She asks him what he would like for lunch and gets to ready to start preparing the meal. Luckily for her, he agrees to prepare his own lunch if she can defrost the chicken and cut up the vegetables. Relieved, she leaves the chopped up vegetables on the kitchen counter and rushes off to drop her car at the car wash while she is getting a hair cut, because her hair is starting to look ridiculous! Her hair is in that ‘not very short but not long enough to do anything exciting with it’ stage – so she is actually looking forward to cutting her hair for the fifth time this year, even though many people tell her women with short hair are not fully women and are not beautiful. Despite this, she decides that she is happy with short hair, it makes her look different and feel special.

At the car wash her usual car wash guy is absent and even though she can’t stand how dirty the outside of her car looks, she is not keen to leave it with someone that she does not know. After contemplating for two minutes (she doesn’t have more time than that to decide) she opts to get the hair cut and take the car another day.

The hair cut is relatively quick and done very well, so the 28 year old modern woman is satisfied. After lunch, she remembers that she needs to update two blogs, pack for her business trip tomorrow morning and pop into the office if she gets time.

There are three hours before the play and she realises her best bet is to finish off laundry because she will not get to it next week. She cancels her plans for lunch and plans to visit her God daughter as there is still too much to do. She has 25 minutes to get ready and rush to get the kids ready for their performance. She takes off ten minutes to write a funny post about the madness that is her life on one of her blogs.

She has a headache because she leaves everything to the last day and thinks about how her Mom would never be this disorganised. Then she asks her (half wit) brother how women with families cope?
He still looks at her like she is an alien because of course, he can’t relate because (a) he is not interested (b) is lazy and (c) has nothing to worry about besides school and where he will get his next sugar fix from.

Tonight when she gets home which could be anytime after 9pm depending on when they have finished cleaning up, she needs to iron only what she will wear during the week – no time for the rest. She will also pack the latest email from her editor because in the midst of the madness, she had somewhere along the way decided to write a book.

She is alot a little anxious because she is going to East Africa in three weeks and has not finalised any of her arrangements or bought any gifts. Could the rest of you please tell this modern young woman what your secret is, because today she feels like she is a pathetic example of the modern woman…

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Budding Writers Society of Namibia launch a success!

    Budding Writers Society of Namibia officially launched

The Budding Writers Society was successfully launched in Windhoek, Namibia on the 31st October 2008. The launch took place at the Garden Lounge of the National Theatre of Namibia.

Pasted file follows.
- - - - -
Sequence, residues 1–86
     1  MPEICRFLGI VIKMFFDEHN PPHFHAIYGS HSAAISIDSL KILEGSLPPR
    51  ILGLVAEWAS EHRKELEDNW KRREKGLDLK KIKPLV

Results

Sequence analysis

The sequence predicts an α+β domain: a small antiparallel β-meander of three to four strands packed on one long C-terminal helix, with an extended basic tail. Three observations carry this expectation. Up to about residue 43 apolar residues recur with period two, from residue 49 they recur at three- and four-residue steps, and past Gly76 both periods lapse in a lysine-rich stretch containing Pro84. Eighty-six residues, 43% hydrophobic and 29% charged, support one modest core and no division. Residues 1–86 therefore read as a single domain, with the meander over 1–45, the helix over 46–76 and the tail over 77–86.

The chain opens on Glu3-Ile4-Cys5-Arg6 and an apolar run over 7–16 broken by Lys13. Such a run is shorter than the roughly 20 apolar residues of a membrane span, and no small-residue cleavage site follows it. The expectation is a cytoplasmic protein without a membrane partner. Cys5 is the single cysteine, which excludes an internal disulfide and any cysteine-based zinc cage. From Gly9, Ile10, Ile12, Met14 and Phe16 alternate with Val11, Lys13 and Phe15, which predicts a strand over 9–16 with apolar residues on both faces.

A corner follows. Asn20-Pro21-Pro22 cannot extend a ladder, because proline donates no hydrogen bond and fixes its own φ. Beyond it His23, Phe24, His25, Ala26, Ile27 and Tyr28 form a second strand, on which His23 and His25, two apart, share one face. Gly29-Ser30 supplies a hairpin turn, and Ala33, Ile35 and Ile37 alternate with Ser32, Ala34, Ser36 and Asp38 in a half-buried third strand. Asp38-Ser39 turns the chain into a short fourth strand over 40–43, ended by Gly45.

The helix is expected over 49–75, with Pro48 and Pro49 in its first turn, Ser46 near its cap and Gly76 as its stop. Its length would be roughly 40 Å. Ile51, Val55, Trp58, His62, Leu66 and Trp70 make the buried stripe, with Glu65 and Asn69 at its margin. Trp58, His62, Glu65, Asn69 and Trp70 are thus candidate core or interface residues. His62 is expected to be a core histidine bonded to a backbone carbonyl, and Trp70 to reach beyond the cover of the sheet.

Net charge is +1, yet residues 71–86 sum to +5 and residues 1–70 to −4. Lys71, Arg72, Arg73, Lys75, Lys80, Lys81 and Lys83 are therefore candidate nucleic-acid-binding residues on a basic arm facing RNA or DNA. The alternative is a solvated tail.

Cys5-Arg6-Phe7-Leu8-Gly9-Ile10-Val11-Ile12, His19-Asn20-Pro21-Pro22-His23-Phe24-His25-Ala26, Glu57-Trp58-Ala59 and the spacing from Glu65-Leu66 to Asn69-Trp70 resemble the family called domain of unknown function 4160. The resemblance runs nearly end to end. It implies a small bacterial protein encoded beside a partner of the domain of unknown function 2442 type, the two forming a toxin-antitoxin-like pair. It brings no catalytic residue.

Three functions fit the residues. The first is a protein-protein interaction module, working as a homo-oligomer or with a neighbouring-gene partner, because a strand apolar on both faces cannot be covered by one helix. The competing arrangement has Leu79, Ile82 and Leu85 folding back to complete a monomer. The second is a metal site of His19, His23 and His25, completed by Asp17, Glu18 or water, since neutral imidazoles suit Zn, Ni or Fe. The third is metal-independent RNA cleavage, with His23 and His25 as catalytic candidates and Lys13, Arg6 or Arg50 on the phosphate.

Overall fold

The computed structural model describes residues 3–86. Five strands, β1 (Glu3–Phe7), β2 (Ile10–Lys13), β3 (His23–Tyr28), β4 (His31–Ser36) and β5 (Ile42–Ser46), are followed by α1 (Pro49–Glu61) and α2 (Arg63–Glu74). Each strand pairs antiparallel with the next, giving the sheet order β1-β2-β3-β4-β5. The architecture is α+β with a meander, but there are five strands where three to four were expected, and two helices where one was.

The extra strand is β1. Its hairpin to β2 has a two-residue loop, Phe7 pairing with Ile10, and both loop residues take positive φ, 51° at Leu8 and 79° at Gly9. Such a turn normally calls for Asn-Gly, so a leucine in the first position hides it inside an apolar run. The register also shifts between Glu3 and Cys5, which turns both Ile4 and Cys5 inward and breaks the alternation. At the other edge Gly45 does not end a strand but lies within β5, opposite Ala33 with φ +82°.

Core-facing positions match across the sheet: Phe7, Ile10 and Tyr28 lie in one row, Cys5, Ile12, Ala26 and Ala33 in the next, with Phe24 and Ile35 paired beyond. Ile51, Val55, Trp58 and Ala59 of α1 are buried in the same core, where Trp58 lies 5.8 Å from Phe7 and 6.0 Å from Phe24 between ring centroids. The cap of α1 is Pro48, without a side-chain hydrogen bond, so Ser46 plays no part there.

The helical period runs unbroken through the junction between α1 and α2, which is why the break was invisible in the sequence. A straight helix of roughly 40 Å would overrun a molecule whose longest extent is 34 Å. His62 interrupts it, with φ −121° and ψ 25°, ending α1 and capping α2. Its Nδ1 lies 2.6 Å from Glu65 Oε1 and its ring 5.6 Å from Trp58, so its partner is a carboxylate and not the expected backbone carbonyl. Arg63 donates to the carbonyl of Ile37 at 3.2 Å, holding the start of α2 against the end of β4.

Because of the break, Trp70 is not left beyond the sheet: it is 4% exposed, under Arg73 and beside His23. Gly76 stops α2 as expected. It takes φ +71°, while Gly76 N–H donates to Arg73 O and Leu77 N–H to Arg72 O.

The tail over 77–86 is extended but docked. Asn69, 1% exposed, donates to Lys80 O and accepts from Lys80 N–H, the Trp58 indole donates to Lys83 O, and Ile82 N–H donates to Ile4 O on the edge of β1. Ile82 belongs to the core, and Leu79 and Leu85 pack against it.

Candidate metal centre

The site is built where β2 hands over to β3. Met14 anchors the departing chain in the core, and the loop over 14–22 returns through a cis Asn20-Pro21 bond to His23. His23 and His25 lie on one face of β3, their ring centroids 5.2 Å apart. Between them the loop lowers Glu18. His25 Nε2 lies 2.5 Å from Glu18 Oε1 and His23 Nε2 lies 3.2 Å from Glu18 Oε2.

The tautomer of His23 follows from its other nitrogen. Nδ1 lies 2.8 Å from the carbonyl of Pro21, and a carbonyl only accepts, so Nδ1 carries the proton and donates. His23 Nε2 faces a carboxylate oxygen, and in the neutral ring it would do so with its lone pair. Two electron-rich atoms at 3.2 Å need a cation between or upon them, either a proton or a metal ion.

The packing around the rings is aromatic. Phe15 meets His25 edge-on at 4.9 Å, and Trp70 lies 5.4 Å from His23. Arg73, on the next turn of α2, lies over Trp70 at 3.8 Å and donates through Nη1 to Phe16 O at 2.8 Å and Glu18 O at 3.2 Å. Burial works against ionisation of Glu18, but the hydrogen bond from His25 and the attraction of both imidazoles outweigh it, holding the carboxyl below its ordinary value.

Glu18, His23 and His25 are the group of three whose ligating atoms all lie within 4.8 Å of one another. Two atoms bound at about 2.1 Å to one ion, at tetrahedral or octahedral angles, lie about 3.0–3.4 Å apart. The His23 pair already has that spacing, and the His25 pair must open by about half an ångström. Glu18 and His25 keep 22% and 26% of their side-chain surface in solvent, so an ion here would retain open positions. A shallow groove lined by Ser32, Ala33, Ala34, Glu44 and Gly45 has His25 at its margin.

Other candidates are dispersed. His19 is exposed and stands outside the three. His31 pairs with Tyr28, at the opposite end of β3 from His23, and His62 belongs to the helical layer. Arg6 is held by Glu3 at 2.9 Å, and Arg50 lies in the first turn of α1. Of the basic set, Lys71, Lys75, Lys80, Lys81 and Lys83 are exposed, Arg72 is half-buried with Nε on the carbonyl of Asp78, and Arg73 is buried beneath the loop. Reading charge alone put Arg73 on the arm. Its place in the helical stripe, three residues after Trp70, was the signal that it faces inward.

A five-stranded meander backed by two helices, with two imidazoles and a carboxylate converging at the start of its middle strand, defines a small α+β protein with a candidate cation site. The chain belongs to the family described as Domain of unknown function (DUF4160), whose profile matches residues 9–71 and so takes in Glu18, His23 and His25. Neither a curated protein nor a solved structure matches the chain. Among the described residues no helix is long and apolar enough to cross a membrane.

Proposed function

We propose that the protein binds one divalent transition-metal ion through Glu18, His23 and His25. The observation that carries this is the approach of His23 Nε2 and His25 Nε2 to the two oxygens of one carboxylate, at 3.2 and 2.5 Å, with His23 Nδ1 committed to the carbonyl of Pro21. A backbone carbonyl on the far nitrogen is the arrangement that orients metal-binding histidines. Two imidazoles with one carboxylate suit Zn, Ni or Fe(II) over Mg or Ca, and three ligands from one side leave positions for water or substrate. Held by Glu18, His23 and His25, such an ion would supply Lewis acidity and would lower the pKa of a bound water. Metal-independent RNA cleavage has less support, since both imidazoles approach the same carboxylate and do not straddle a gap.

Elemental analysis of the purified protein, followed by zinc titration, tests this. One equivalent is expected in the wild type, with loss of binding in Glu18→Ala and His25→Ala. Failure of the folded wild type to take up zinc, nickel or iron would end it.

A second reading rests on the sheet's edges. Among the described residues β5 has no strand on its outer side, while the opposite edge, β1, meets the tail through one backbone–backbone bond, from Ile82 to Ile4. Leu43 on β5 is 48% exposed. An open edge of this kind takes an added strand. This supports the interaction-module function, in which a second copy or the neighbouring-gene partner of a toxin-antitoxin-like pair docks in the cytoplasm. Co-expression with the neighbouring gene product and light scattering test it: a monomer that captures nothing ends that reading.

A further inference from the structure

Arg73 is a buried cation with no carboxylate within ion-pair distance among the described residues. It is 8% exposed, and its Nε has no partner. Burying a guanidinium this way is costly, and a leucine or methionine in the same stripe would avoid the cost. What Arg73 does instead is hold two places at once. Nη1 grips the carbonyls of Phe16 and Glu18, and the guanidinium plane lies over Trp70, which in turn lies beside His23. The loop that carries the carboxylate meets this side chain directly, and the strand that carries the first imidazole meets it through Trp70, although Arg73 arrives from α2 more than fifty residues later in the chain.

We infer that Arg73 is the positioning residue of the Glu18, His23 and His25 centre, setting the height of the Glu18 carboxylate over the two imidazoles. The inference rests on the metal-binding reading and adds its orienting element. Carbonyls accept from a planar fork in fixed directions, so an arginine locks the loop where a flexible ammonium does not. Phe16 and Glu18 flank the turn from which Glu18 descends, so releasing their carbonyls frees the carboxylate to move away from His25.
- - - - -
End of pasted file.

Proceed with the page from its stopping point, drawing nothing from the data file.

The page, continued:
Representatives from some of the local schools, various organizations, members of the public, published authors and poets as well as the media were present. In addition, representatives of the main sponsors of the event, Nedbank Namibia and Macmillan Publishers were also at the event.

The launch was officially opened by the Master of Ceremonies, Mr. Vickson Hangula. Two poems were read by aspiring authors that are also members of the executive committee of the society (Jemima Beukes and Viviane Kandundu).

The keynote speech was presented by Ms. Neshani Andreas, author of The purple violet of Oshaantu. The evening was closed with a vote of thanks and a toast to the new society.

The launch was well attended and opened many doors for the society. An offer was made to design and maintain a website, free of charge, for the Budding Writers Society and it should be up and running in January 2009. Macmillan publishers offered to publish an anthology of poetry by local poets from the society. The challenge for the society is to select the poems for publishing by the end of 2009.

Currently the society is compiling a database of contacts including members, editors, publishers and proof readers. The calendar of events for 2009 has been compiled and will be posted on bwnamibia soon. It includes many exciting activities such as peer reviews, creative writing workshops and much more! To the executive of the society, good luck and well done on an enjoyable and successful evening!

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Pictures from Women of Courage writing workshop

Enjoy these snaps from the Women of Courage writing workshop held recently:



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Women of Courage writing workshop very succesful

Womens’ Leadership Centre – Courage writing workshop
24 – 25 October 2008

The Womens’ Leadership Centre (WLC) hosted a two day workshop for women interested in writing stories for their upcoming anthology with the theme: Courage and risk taking in our lives.

Below participants from the workshop during discussions: